We went first into Thamel - the most popular tourist district that embodies everything that Kathmandu can give to tourists seeking for something, anything. From trekking shops selling waterproof North Face bags to panels of pashmina shawls (all claiming to be 100% real - it will be remarkable to actually see a sign that says "may contain pashmina wool" instead) and book shops with photocopied Lonely Planet guides and maps, to  bronze statues, walls of Thanka paintings, turquoise beads, wooden carvings and signs of restaurants, hostels and hotels - all packed into a small district crisscrossed with alleyways.

Dinner that day was momos!

There! The Yak Cheese sandwich I set out to find!

Part 2 of dinner - chicken tikka masala and all sorts of gravy goodness with naan at this place called McDonald in Thamel. Super delicious!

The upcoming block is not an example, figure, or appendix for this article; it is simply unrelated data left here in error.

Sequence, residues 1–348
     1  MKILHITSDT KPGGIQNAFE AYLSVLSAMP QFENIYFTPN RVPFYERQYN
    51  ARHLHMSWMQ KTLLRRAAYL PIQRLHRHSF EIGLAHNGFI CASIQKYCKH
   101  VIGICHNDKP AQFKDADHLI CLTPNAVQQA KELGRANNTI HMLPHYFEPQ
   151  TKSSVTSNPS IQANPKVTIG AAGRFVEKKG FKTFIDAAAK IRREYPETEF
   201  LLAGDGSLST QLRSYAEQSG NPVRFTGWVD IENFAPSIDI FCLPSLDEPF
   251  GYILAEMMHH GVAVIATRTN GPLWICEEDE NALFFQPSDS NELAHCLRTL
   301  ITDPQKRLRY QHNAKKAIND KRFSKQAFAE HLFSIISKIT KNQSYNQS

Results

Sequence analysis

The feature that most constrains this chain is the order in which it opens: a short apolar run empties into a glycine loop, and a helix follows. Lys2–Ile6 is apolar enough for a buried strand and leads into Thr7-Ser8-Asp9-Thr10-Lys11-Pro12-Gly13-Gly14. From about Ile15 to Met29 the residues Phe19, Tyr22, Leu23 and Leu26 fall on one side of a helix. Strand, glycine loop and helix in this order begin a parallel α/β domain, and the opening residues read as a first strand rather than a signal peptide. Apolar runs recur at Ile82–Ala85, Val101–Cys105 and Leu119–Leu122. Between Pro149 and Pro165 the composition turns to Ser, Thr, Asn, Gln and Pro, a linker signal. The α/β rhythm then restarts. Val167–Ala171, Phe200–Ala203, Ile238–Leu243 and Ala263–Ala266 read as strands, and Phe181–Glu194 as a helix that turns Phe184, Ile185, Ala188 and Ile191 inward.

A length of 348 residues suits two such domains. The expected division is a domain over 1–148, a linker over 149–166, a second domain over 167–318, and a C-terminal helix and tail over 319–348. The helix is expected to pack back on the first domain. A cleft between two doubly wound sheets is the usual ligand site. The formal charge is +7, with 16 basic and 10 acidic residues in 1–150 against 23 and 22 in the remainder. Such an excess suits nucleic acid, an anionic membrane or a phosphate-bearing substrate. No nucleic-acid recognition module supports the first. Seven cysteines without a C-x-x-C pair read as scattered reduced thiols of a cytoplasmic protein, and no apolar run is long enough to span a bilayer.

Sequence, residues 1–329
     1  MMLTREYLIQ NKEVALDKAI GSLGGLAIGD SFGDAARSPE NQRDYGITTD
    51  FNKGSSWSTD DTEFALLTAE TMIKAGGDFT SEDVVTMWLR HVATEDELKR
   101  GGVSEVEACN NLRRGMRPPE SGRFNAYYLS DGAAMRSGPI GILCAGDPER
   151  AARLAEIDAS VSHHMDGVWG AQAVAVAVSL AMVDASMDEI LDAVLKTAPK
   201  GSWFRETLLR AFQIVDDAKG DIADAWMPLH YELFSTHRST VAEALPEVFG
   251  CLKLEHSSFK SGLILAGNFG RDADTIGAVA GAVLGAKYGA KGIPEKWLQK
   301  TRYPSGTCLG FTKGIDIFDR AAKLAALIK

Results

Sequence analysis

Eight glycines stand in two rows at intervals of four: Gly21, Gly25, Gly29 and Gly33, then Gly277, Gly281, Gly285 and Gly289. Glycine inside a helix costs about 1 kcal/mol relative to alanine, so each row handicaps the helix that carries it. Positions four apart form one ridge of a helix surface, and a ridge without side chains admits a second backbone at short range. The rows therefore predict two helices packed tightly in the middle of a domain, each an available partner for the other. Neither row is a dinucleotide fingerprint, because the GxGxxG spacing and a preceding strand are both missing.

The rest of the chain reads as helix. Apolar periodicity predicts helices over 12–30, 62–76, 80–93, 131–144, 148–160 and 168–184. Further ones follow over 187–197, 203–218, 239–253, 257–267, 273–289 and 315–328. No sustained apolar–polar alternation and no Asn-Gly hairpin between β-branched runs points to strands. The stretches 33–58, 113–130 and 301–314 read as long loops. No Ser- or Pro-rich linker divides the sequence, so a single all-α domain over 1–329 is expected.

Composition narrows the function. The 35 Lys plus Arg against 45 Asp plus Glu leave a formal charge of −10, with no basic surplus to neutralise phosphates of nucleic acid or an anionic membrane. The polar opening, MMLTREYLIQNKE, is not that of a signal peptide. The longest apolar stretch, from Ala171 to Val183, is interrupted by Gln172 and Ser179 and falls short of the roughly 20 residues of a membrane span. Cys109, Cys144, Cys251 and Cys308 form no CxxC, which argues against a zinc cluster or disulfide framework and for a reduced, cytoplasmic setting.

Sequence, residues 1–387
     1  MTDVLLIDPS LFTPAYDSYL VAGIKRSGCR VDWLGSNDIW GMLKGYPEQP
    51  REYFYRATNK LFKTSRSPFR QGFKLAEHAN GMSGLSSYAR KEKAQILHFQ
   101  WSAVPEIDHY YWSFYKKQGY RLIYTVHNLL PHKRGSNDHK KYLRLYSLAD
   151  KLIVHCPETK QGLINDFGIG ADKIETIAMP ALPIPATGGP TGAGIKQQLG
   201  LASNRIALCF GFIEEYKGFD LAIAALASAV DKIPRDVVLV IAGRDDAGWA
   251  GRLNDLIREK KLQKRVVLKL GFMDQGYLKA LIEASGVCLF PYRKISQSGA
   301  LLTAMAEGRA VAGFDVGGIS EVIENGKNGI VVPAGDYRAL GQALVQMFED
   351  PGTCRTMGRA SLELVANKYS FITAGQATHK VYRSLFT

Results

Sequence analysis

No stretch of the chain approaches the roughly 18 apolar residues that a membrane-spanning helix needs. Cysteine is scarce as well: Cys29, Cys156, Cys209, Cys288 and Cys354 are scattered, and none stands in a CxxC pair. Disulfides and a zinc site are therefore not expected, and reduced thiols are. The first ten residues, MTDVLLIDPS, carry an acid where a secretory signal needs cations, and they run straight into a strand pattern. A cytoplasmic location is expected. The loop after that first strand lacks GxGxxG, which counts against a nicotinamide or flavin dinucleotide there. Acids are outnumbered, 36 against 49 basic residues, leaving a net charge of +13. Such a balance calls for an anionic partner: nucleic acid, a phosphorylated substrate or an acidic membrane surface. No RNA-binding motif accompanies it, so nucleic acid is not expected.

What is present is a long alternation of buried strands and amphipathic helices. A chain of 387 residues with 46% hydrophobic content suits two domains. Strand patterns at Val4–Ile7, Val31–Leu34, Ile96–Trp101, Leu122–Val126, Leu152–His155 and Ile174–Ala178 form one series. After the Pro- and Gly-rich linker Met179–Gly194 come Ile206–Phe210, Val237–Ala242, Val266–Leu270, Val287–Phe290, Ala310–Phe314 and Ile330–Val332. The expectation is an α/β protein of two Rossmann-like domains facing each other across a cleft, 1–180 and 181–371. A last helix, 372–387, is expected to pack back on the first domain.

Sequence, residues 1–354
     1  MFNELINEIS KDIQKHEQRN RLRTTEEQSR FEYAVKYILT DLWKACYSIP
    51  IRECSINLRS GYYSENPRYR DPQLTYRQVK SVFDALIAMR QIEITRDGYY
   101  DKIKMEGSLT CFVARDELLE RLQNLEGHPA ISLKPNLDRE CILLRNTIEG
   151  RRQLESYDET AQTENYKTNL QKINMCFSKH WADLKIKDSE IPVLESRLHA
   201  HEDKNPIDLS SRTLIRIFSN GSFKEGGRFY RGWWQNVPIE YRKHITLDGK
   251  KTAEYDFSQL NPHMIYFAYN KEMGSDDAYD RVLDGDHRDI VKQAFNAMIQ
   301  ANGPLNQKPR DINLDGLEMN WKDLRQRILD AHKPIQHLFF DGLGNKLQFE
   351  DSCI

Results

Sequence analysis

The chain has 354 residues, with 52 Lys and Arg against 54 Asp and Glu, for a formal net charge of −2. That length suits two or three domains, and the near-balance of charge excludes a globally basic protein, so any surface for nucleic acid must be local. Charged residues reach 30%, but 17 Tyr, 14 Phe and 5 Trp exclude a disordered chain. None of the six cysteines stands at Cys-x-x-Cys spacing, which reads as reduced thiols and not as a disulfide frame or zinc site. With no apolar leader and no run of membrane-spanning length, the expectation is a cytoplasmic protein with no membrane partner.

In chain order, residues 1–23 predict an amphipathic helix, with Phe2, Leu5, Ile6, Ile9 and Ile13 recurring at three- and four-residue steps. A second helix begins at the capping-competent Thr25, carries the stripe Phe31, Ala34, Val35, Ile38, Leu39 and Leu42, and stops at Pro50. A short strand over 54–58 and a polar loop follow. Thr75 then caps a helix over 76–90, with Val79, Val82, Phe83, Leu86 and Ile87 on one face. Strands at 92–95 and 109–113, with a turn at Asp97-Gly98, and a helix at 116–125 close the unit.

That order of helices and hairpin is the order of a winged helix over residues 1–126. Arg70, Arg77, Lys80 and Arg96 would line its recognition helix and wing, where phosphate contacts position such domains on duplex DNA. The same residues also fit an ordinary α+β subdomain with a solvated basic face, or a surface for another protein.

Satisfying end to the night, except for a minor incident on the way back where we accidentally stepped into mud/sewer/shit by the side of the road trying to get into a cab.

Day Two - Patan

This was breakfast at Mike's, an american diner, before we set out to Patan.

Apparently there are 3 big cities in Nepal - Kathmandu, Patan and Bhaktapur. We visited Patan bright and early on the second day. Patan's the city of arts and culture.

Thanka paintings abound. They are supposed to help you meditate.

 We also visited the Patan museum.

Patan's lunch was the only time I had the local Nepalese food when I was in Nepal - the Dhal Bhat, consisting of rice and dhal (chickpea soup), some chicken curry and vegetable curry.